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Frank Rich: Nuke ’Em

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One could argue that the best political ad of 2012 so far has been made not by any campaign but by Chrysler, whose Super Bowl “Halftime in America” spot, narrated by Clint Eastwood, was so arresting, and, intentionally or not, so supportive of the auto-industry bailout, that Rove hailed it as an “extremely well-done ad” even as he said he was “offended” by its seeming Obama partisanship. What that ad had that the others have not is the indirection and ambiguity that allow the audience to engage with and invest in the story being told. An attack ad has a similar potential to corral some of the majestic power of movies, with or without an iconic Hollywood star in the mix—if done right.

Doing it right doesn’t necessarily mean doing right by the facts. An effective attack ad doesn’t require strict accuracy as long as its broad caricature rings true. It has to land a punch as propaganda, not journalism. For all his trigger-happy rhetoric, Goldwater was not in favor of starting World War III, whereas the theoretically peace-loving Johnson would prove, after reelection, to be an enthusiastic escalator of the disastrous war in Vietnam. But if the “Daisy” ad was not determinative in Johnson’s reelection victory and not a balanced depiction of Goldwater, it remains the gold standard of attack ads for good reason. Now that Obama is trying to fend off a GOP as radically right wing as Goldwater was, it’s a standard he will have to meet.

That’s particularly the case given that the Romney forces are likely to have more money to spend on ads than Obama will, and that Romney has no inhibitions about dispensing with the truth in his own advertising. (His very first campaign spot, last November, misleadingly recut a 2008 campaign clip, Andrew Breitbart style, to attribute words from a McCain aide to Obama.) With limited resources and a bum economy on his shoulders, the Obama of 2012 may have to win the air war with an imaginative coup as dazzling as the Democrats pulled off in 1964.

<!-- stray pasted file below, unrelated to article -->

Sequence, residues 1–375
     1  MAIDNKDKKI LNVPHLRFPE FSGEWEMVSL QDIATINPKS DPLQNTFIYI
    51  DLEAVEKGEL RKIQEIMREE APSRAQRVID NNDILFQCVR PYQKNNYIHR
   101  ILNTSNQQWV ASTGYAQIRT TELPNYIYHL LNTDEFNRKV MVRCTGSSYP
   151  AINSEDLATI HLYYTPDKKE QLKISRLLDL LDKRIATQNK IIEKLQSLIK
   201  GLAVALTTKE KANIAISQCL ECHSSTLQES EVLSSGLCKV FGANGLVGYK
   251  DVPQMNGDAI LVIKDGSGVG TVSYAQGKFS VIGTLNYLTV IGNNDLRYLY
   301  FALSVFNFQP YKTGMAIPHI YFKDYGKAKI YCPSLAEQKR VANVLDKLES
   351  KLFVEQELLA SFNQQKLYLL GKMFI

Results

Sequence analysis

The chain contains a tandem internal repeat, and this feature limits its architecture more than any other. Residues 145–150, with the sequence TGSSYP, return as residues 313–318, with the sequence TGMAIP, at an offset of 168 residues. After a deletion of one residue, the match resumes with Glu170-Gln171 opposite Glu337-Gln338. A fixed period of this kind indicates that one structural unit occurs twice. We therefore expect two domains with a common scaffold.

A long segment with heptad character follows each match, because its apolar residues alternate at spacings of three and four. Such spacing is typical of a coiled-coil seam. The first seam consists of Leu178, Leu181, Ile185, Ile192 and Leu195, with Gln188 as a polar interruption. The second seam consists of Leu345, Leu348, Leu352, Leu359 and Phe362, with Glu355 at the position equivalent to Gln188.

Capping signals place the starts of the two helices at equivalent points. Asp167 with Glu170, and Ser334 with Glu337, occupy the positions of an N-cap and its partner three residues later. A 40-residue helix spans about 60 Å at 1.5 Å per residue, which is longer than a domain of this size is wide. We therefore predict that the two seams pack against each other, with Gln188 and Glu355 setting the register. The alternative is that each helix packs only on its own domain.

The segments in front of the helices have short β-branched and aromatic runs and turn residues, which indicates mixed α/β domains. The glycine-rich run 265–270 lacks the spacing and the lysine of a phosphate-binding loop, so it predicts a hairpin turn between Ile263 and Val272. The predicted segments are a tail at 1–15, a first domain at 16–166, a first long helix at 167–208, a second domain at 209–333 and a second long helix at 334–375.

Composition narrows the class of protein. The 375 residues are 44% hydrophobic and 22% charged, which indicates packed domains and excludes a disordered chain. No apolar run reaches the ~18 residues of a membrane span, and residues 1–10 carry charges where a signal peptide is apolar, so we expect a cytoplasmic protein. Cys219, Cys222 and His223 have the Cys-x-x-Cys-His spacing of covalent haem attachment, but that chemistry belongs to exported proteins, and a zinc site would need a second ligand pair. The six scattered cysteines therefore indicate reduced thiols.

That’s why he would be wise to seriously reexamine the history of a spot so effective that it’s the only aspect of the entire LBJ-Goldwater race that anyone remembers. The latest volume of Robert Caro’s epic life of Lyndon Johnson stops just short of the 1964 election. But last fall, Robert Mann, a journalist and historian with a relevant previous career seeped in the cauldron of Louisiana politics, got there first with Daisy Petals and Mushroom Clouds, an enterprising book meticulously reconstructing the genesis and impact of this very brief, very devastating piece of film. Mann’s account is all the more instructive when read in the context of 2012. Paradoxically, the most famous attack ad in history stands apart from many of those that followed it—including most produced today—by containing no facts or even factoids, no quotes, no argument, no image of either candidate, and not even a mention of the target’s name. And yet its power remains awesome to behold. It finished Goldwater even though Americans in 1964 tilted slightly more conservative than liberal (37 to 35 percent, according to Gallup) and even though the Goldwater campaign outspent LBJ’s on television advertising by some 40 percent, including for an attack ad of its own linking the president to graft, “swindle,” juvenile delinquency, crime, and riots.

The “Daisy” ad’s scenario would seem to be simplistic. An innocent little girl (actually a 3-year-old budding commercial actress who’d already done a Lipton-soup print ad) in a field full of chirping birds picks petals from a daisy (actually a dandelion), counting them as she does so. Her babyish voice is soon usurped by the bark of a man on a loudspeaker counting down to an atomic-bomb explosion. The girl’s face is stilled in close-up by a freeze-frame, and the camera zooms in to her eye. As her pupil fills the screen, it is obliterated by a jump cut to the billowing mushroom cloud. Only in the final seconds do we hear (the unseen) Johnson’s brief pitch, which begins with the declaration “These are the stakes” and ends with the sentiment “We must either love each other or we must die.”

That last sentence, no doubt unbeknownst to most of its audience, echoed W. H. Auden’s “September 1, 1939.” Mann discovered that the freeze-frame of the girl’s face was inspired by the legendary final shot of Antoine Doinel, the crushingly vulnerable 12-year-old autobiographical hero in François Truffaut’s New Wave masterpiece The 400 Blows (1959). It’s not much of a leap to imagine that the militaristic voice of the man reciting the countdown and the footage of the atomic blast were patterned after another film landmark, Stanley Kubrick’s Cold War satire Dr. Strangelove or: How I Learned to Stop Worrying and Love the Bomb, which was still fresh in American memory, having been released early in 1964.


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